I’m a hobbyist photographer who is not seeking to make a primary income with my images rather I enjoy posting and sharing my images with others for the love of photography and not so much for monetary gain. Sure, I wouldn’t hesitate to accept a nice license deal of one of my images but its not my primary motivation. I first learned about and considered using Creative Commons (CC) licensing when I noticed Trey Ratcliff was using CC for all of his images on Stuck in Customs. I’ve found CC to be a great fit for me as it allows me to share my images while still preserving some rights.
Over the past week, I’ve seen some interesting blog posts regarding CC licensing. Gary Crabbe’s “Why I Like Free Photos” post was the one that caught my attention. I found the post to be very informative and especially enjoyed some of the comments; however, I found it disappointing how it portrayed CC as only a free unlimited use license and ignored the fact CC comes in 6 different levels of licenses. Then there was a comment made by another professional photographer (Jim Goldstein that I have a great deal of respect and enjoy following) which stated “I’m not so sure that everyone using Creative Commons knows 100% what they’re giving up.” Jim’s comment was very concerning to me as I have fully embraced CC licensing on all of my images shared on Flickr so I dug into CC licensing to make sure I wasn’t making a horrible mistake.
Unlike how CC is typically portrayed by the naysayers, there are actually 6 levels of Creative Commons licensing. The same levels of CC are available as options when selecting licensing level on Flickr in addition to the option of “All rights reserved”. I verified that I was using the standard “Attribution Non-Commercial” license on my Flickr image license selection.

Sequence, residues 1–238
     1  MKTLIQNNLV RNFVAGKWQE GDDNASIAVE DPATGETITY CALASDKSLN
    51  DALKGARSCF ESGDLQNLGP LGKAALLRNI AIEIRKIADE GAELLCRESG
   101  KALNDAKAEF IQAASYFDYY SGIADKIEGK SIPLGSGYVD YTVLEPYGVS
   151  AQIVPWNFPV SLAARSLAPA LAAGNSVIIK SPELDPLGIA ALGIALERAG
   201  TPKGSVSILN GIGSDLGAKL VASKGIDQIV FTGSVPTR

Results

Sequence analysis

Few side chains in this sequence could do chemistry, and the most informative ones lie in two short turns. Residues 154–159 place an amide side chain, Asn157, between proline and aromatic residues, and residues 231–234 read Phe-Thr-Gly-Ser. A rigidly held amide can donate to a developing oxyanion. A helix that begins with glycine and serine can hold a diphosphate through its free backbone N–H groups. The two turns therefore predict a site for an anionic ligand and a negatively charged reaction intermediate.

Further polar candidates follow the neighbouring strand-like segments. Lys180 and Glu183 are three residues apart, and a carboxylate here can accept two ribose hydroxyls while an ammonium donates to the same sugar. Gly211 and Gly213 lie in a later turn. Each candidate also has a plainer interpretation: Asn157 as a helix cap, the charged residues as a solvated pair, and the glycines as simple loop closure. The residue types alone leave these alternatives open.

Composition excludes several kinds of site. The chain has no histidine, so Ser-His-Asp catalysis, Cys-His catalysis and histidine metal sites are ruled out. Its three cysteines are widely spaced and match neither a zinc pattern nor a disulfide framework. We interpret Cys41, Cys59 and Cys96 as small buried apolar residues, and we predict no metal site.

To my surprise, it turns out I was not only letting other use my images for non-commercial use but I was also permitting others to remix, tweak and build upon my images. I realized that what I really wanted was the “Attribution Non-Commercial No Derivatives” or as stated on Flickr “Attribution-NonCommercial-NoDerivs Creative Commons” which prohibits changing my images in anyway and/or prohibits using them commercially.
Then I found one more very important clarification on the “What is CC?” page which states “Creative Commons licenses are not an alternative to copyright. They work alongside copyright, so you can modify your copyright terms to best suit your needs.” Thats a great point that I didn’t initially understand correctly. I bet many who select the CC license options on Flickr assume they are protected by CC but never submit the photos to be copyrighted which according to my opinion would void the CC license.
In summary, I think Jim’s comment was spot on; however, CC shouldn’t be viewed as a one size fits all. From my hobbyist photographer perspective, photographers can use CC to share images for personal use while still protecting the commercial value by selecting the appropriate level of CC such as “Attribution Non-Commercial No Derivatives” and it is very important to make sure images are copyrighted no matter which level of CC selected. I can’t claim CC is the primary reason; however, I’ve seen my website and flickr traffic double every month since adopting CC which has led to some exciting opportunities!
(Disclaimer – I’m not a lawyer so the thoughts and views in this post are just my personal opinion. If you are concerned regarding your image licensing rights, I highly recommend seeking legal advise from a professional lawyer who specializes in copyright law).
Update 4/20/2010: here is another great article regarding CC – “Shares well with others.” or “Like it? Link it!”
Update 4/21/2010: here is an awesome post thats a must read/watch for anyone interested in a lawyer perspective of copyrighting photos – Scott Kelby’s exclusive interview with Attorney Ed Greenberg for the Straight Scoop on Copyright, Model Releases, and Shooting in Public.